Kyle Mountsier: 9:59

The residual on that thing, it's like a regular

Paul Daly: 10:01

check. If you do a 12 month lease, they give you$1,500 let you take the vehicle for a year. They're like, we'll take that tax credit. Actually think about that.

Kyle Mountsier: 10:12

That's not a bad dude. That's like,

Paul Daly: 10:14

man, tax credits like 40% of the cost of the right. So

Kyle Mountsier: 10:19

like, if the residuals probably going to be low, the residual because of the tax credit is probably going to be in the, like, 30% range. So yeah, we're gonna have any leftover of you know, four or five, six grand, right? Over over that time period like it is it's gonna be, it's gonna be like the 99 down $99 a month lease. Here

Paul Daly: 10:38

we go one day. Nathan's typing into the notes one day lease that sucker

Kyle Mountsier: 10:44

and flip it. Yeah, that's that whole thing that we were talking earlier this week. I mean, there's so much opportunity when when you grab that, so true, so true. Speaking of I don't even know so much opportunity, segue. So if you've been to Walmart recently, especially if you've done any of the self checkout, you've seen their five star checkout survey, and how it's been a source of potential frustration for both consumers and employees. So the survey is part of Walmart's customer satisfaction evaluation, where customers are prompted to rate their checkout experience. However, the reports are saying the pressure to achieve the five star ratings have reportedly led distress among employees, some workers get this This is Watch, we're going to draw a straight line here on this one, some workers are feeling that their jobs are at risk if they don't secure perfect scores, while customers have on the other hand expressed frustration or annoyance of being constantly asked to complete the surveys every time they go in or by the employee that standing close to them. This is a tension that we know all too well, in an automotive, very familiar, where the employee evaluation is extremely important to understand the customer experience, but the customer is is it's not like a willing participant in it. And so there's this dissonance in order to get the scores. And not just that, but there's so much pay, there's there's dealer pay, there's employee pay, there's, there's there's customer satisfaction all on the line, when talking about, hey, can we just get the feedback?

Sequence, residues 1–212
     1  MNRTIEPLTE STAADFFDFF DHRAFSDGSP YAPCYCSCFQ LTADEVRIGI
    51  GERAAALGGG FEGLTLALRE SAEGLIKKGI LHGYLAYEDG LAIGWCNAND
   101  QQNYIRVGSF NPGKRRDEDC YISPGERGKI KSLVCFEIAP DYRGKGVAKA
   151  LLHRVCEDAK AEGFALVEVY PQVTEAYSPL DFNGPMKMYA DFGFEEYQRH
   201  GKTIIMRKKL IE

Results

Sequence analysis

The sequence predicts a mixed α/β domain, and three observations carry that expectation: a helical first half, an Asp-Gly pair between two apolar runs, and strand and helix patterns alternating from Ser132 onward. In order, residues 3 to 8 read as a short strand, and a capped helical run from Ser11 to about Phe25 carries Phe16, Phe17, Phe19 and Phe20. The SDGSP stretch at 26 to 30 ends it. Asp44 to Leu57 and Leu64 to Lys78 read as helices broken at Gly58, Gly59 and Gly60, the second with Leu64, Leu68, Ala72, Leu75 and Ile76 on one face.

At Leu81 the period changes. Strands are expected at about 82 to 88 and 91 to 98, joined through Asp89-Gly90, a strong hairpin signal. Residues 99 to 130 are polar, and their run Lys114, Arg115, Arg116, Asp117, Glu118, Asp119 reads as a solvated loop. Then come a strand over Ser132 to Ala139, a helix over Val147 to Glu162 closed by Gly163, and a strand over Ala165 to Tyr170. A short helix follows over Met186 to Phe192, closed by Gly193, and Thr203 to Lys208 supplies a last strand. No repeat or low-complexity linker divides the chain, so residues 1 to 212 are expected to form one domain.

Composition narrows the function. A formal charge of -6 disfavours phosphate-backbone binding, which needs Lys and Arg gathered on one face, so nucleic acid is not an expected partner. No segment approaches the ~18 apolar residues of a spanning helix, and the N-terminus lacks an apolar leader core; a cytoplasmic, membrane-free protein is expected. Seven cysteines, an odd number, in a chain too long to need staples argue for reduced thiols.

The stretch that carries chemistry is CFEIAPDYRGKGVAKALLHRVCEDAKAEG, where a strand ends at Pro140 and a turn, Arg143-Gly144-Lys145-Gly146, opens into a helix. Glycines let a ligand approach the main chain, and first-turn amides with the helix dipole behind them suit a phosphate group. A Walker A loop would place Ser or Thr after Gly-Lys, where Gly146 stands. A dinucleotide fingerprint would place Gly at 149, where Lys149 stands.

Paul Daly: 12:15

Well, the way the Walmart program works is that the managers are incentivized with their pay plan based on responses that employees are not, but obviously, the manager puts pressure on employees, there's stories in there of, you know, people saying your customer saying like I wasn't even done, and the employee just came up and press the five stars, right? Or, or when you walk away, which I would be the one who would like as my receipt pops out, like I'm already three steps out the door halfway gone. It's just showing up on the screen, in which case the employee some of the employers saying yeah, we were told, if they don't press it, then it must have been a five star experience if they don't do anything. And that I think the most important part of the story is like there is a balance between how do you get relevant feedback that doesn't hassle the customer. At the same time, don't put so much pressure on your people that they're paying attention and their eyes are wide open on the whole checkout experience. Because if you think about like the Walmart situation, you're worried about the survey. So you're worried about literally the last three seconds of that customer's experience when you might not be paying attention to the fact that you're looking at all the terminals, okay, who's ready to hit the five stars, that somebody has a little problem that's in line that you could solve, or the scanner is not working or something that actually is going to frustrate the customer at the end. And so I'll say it like this to the group that I was with before. And the reason why, just like real honestly, CSI came out of PE plans.

Kyle Mountsier: 13:35

I said, Because CSI isn't as a lagging indicator, to intent and experience. Yep, that's a great way to put it. Right like if you are waiting on or pursuing CSI at the point of survey, then you are creating then you are looking at it as a lagging indicator to the real experience that you could deliver. And so focus on the real experience and the surveys will take care of themselves.

Paul Daly: 14:03

Go the surveys will take care of themselves. Hey, by the way, if you listen to the show on the podcast, leave us a review. We want to know how we're doing or if you get the daily email, just hit reply, and tell us how you like it or don't like it. We'll see you tomorrow.